In the Brooder
Jul 25, 2021
We are not really new to raising chicks, we’ve lived this awesome life once before, but in a drastically different climate… central MN. We inherited 8 Rhode Island reds from a friend there and when we moved south we gave them to family as we did not have enough property to bring them with us. Now we have our own place, and began the journey in March 2021, when my husband surprised me with 12 sweet Rhode Island Red chicks home. We currently have 11 beautiful girls- one baby chick did not make it even though we spent every waking minute focused on keeping her healthy. We have worked hard to socialize them daily, and they love to be held, hand fed, and touched. The ones we had previously did not approve of you coming near them and would run and hide. We love this flock we have now. One of them started laying eggs 3 days ago- even in this crazy TN heat!

Our favorite aspects of raising backyard chicks is the eggs, caring for them, and hopefully one day being able to share their nutritiously rich eggs with others.

We both grew up in self sufficient families and love doing as much as we can to provide for ourselves and live off our land. We have 4 German Shorthaired Pointers (well trained bird dogs- yes I know, we are crazy LOL), 3 Ball Pythons (my husbands hobby), and are currently cat sitting. Eventually we want to expand our flock and raise meat birds. We just don’t have the setup and know how yet… goals are good.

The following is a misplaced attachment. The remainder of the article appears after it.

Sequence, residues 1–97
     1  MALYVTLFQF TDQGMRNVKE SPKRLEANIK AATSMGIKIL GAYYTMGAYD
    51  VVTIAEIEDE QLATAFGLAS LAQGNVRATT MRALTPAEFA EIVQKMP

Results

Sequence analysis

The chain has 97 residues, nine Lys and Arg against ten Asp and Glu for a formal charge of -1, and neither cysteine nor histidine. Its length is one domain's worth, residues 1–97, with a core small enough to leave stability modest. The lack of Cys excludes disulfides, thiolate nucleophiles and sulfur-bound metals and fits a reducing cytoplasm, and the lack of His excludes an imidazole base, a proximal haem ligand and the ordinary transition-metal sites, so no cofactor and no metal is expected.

We love our gardens and are FINALLY figuring out how to garden in the south. Let me tell you, that has been a HUGE learning curve! We have 2 vegetable gardens and I keep three flower gardens. I’m excited to harvest some marigold petals and give them to the girls… I did not know this can help with yolk richness!

I first learned about & joined BYC when we lived in MN and it helped a ton with the chicks we acquired from a friend. I decided I needed to get back on here again since southern living is sooo drastically different and I wanted to be sure we could get help with questions if it is ever needed.

I’ve added some pics of our girls adventures out of the coop/pen, the gardens, & my sweet nephew feeding the girls. NOTE: We do not let them venture too far or as often as I’d like as the woods are directly behind their coop and we are still uncertain on how to train them to come back at night. If you have any tips & tricks for this it would be greatly appreciated. I’d ask my grandma how she taught her girls, but she’s in heaven.

Also if you have any tried and true tricks to keep the girls out of the garden I’d appreciate the advice!


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